Treasure Island at Long Beach Playhouse – Theatre review

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From left: Jack Murphy (Billy Bones) and Carmel Artstein (Jim Hawkins) in Long Beach Playhouse’s Treasure Island

Photo by Michael Hardy Photography

By: Anita W. Harris
Culture Writer

Ahoy there, all ye theatre adventurers! There’s treasure to be had in yonder Long Beach Playhouse! Treasure Island, that is, from the book by Robert Louis Stevenson, adapted for the stage by Phil Willmott and very imaginatively directed by Dale Jones. Take your fill of rummy pirates, rollicking sea shanties, spirited swordfights, a cheese-obsessed castaway and one very brave young lad as you set sail on the Hispaniola to where X marks the spot.

The robust cast of this endeavor do their darnedest in bringing to life the 1770s story of a boy who accompanies a ship’s crew to find buried treasure after a map of its location was left behind by a pirate at his mother’s London boarding house. But the adventure is not limited to boys in this production– female pirates “yo ho ho” as well, heaving ropes and swords right alongside their male counterparts. As director Jones notes, “Why should boys get all the fun?” In fact, our young hero Jim Hawkins is astutely played by Carmel Artstein, a girl in real life.

All 19 members of the ensemble clamber about the stage at the center of the theatre’s U-shaped seating, on a set suggestive of a wooden ship’s deck with mast and sails. They also interact with the audience, leading us in song and playfully engaging with those seated near the stage. Costumes are raggedy and brightly patterned, befitting our image of pirates. There is even an ornery pirate parrot puppet, voiced and operated by Kip Hogan.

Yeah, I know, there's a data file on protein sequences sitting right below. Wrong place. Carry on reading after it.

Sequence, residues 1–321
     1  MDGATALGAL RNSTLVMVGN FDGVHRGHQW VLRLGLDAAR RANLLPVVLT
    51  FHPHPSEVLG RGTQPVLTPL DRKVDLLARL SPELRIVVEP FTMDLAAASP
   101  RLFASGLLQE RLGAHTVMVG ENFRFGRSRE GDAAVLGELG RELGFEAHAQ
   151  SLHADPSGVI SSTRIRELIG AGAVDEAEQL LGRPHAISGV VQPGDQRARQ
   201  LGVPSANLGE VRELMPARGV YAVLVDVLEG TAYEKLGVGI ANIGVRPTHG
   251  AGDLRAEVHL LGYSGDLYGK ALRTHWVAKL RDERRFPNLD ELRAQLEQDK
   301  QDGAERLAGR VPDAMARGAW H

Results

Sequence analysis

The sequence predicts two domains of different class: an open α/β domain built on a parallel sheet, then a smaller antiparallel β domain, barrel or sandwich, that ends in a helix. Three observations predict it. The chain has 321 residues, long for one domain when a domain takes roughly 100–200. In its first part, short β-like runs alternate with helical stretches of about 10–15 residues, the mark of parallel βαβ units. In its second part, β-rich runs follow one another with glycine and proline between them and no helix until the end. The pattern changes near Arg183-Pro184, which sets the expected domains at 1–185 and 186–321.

The enthusiastic actors fully inhabit their larger-than-life characters. Jill Prout embodies the role of Lady Trelawney, organizer and financer of the voyage and the epitome of a proper English noblewoman who just happens to tote a gun. Assisting her are the clear and idealistic Miss Lucinda Livesey (Serena Bottani-Henderson), who insists their hunt on the island is for butterflies, and the dignified and stalwart Captain Smollett (Jaxson Brashier).

Among the pirates, colorful characters abound, including: Black Dog (Gregory “Grib” McEwan), a very convincing human-canine mix; cunning peg-leg Long John Silver (an impressive Erik Celso Mann), brought on as ship’s cook and becoming Jim’s surrogate father, but secretly mutinous; and the man behind the map, Billy Bones, heartily portrayed by Jack Murphy. Mitchell Nunn is hilariously sympathetic as dairy-deprived island castaway Ben Gunn, whose fantasy of dancing and singing cheese-women is brought to life before our very eyes. The women pirates, too, play their roles with gusto, with the brash, double-sworded Isabella Lolita Esmeralda Cortez (A’driana Abbate) standing out for flamboyance. Fight choreography by Matt Franta is dynamic, with the whole crew at each other’s throats at one point, fists flying and swords clashing.

While Treasure Island was originally written as a boy’s adventure, the inner Jim Hawkins in each of us would delight in being swept away by this swashbuckling production, a treasure trove of exuberance.

Treasure Island continues at the Long Beach Playhouse Mainstage Theatre, 5021 E. Anaheim St., through May 6, with shows Fridays and Saturdays at 8pm, Sundays at 2pm. Tickets are $20 to $24. For tickets and information, call the box office at (562) 494-1014 or visit lbplayhouse.org.

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